My rating: 4 of 5 stars
I first encountered Wendell Berry in freshman English at OBU. The essay we read seems to be in this volume, "Word and Flesh" (at least this essay makes the same points I remember from 1992). At the time I disagreed with him, particularly that problems, including environmental problems, cannot be approached globally but can only be addressed locally.
I came back to Berry near the turn of the millennium, when I read his poetry and fell in love. The poetry invited me into the essays, and Berry has been one of the most significant influence on my thought.
But his ideas are rarely easy for me. In fact, they are quite difficult. He is not a writer I read for confirmation of my own ideas, but to convict and challenge me. Whenever I read him, I am reminded of my hypocrisies and moral failures.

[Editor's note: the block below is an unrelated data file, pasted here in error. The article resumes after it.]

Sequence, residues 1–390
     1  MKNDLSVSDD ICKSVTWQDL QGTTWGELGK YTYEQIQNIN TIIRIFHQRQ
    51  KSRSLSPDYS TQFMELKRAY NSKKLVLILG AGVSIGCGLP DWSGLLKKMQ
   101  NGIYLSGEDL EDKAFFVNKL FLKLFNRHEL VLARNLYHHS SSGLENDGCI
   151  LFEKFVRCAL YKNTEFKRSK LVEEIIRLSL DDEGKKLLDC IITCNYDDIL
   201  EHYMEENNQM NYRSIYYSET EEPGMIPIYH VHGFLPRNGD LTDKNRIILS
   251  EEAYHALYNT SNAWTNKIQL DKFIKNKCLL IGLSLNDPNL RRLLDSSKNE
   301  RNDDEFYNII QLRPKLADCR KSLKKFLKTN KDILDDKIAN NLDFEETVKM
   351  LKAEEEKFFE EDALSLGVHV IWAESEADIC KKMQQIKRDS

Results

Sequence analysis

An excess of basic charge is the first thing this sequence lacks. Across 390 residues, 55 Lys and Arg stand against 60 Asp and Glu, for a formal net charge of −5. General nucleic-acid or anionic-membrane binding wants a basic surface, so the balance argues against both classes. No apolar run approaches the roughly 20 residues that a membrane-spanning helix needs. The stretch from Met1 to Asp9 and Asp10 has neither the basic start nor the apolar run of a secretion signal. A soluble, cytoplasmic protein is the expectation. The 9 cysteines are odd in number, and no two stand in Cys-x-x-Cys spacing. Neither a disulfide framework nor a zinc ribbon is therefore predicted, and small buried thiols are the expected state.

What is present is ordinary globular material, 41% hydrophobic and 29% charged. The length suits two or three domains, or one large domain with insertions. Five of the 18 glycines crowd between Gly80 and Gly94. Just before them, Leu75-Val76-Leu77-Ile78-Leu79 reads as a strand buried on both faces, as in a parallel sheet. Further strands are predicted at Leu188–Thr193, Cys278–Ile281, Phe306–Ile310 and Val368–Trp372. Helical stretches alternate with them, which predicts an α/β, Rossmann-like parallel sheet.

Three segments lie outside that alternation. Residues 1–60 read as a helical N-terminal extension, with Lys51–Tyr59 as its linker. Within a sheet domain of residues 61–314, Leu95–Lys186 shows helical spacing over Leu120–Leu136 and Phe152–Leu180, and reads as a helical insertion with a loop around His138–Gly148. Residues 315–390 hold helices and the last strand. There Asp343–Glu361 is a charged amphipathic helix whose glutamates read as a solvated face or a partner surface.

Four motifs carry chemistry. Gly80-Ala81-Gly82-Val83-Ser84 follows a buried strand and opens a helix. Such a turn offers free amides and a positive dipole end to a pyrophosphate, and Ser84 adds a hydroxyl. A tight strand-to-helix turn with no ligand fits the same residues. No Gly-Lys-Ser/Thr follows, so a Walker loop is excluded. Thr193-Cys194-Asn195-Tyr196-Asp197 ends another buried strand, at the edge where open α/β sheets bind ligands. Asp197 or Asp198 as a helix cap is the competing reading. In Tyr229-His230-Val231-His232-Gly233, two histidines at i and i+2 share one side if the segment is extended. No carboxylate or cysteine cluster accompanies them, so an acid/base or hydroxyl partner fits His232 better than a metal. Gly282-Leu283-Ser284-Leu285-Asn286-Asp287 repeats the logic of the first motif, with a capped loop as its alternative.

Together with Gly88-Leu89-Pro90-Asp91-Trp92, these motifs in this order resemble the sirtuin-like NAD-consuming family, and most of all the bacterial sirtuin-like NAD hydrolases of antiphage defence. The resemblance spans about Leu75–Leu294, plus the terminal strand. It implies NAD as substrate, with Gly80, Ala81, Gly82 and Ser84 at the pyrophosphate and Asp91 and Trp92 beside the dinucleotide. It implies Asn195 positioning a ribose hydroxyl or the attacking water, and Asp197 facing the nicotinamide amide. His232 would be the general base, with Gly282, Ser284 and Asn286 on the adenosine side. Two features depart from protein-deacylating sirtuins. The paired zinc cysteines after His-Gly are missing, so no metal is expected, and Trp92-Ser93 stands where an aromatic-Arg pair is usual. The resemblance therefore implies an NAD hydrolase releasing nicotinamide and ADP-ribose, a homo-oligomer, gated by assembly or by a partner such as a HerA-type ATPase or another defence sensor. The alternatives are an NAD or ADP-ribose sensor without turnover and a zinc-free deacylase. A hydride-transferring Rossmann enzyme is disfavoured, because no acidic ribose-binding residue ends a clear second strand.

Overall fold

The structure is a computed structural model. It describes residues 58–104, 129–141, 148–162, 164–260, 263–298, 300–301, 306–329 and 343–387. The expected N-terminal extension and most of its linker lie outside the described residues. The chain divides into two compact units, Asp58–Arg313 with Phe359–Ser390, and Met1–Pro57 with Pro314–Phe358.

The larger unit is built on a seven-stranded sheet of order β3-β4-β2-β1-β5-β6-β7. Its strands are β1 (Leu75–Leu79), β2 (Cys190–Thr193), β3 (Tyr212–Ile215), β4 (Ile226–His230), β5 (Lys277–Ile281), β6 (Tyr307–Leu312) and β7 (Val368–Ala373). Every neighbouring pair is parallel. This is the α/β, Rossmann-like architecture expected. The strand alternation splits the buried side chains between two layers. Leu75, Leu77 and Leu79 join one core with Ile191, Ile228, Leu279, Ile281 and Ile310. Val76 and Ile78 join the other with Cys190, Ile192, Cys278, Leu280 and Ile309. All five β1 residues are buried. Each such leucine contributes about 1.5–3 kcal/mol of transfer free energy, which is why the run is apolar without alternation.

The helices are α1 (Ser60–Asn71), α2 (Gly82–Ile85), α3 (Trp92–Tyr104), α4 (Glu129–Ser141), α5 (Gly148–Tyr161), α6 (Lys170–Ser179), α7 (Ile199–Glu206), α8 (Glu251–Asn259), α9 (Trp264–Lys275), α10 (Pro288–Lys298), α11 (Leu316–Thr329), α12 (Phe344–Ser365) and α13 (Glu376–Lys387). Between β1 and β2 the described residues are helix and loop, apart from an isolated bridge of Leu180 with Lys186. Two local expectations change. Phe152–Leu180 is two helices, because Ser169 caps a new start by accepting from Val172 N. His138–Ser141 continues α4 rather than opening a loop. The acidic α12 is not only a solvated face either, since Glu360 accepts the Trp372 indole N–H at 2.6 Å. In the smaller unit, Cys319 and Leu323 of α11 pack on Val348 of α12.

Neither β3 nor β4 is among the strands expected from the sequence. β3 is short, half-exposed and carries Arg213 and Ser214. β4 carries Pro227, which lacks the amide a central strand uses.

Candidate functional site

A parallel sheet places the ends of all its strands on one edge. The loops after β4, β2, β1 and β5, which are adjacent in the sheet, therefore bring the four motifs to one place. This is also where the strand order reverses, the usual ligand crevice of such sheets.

Back in 2004 I considered following Berry's advice and abandoning my life and career and moving to a poor small town to become a teacher and grow much of my own food. I didn't do that. I came out, and gay life led in a very different direction. Though I did have friends who did something of the sort.
It is exciting in 2017 to see Berry's influence for good upon our culture--the local food movement, more sustainable agriculture, more awareness about food ethics, the various craft movements, etc.
This is one of the essay collections I had long planned to get to. It seems particularly apt in our Age of Trump, even if the essays are from the 70's and 80's. What Berry was warning us about has come to fruition.
I marked up this volume like my adolescent Bible. I will return to it often.
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